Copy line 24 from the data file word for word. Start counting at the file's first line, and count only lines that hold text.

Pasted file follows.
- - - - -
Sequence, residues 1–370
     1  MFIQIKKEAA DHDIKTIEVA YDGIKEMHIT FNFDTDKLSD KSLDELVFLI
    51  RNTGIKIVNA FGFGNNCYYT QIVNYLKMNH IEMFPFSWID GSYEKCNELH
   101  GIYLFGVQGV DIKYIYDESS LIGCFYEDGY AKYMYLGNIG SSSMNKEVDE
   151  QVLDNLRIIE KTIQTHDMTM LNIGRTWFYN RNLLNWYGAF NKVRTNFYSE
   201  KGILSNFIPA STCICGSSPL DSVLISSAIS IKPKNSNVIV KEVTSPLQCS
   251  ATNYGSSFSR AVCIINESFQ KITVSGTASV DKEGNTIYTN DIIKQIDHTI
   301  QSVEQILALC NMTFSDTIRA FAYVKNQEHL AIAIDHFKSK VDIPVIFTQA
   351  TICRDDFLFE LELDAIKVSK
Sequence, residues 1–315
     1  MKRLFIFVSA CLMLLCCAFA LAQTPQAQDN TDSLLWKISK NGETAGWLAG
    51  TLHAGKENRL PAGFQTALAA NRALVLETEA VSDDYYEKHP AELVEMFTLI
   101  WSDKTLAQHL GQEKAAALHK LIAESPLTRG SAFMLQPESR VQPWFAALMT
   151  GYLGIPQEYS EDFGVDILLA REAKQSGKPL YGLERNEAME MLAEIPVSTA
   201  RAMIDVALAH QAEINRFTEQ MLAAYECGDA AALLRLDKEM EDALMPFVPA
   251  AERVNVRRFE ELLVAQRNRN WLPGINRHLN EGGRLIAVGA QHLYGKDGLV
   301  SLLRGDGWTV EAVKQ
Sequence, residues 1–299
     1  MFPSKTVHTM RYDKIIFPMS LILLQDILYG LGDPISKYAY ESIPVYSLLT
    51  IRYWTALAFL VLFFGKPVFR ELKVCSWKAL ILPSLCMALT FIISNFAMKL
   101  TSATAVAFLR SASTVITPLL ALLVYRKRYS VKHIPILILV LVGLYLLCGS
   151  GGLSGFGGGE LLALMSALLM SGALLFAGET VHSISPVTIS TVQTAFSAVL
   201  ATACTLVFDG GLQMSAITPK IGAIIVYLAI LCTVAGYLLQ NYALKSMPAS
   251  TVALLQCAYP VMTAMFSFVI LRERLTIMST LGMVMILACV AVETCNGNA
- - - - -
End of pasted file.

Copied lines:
   251  TVALLQCAYP VMTAMFSFVI LRERLTIMST LGMVMILACV AVETCNGNA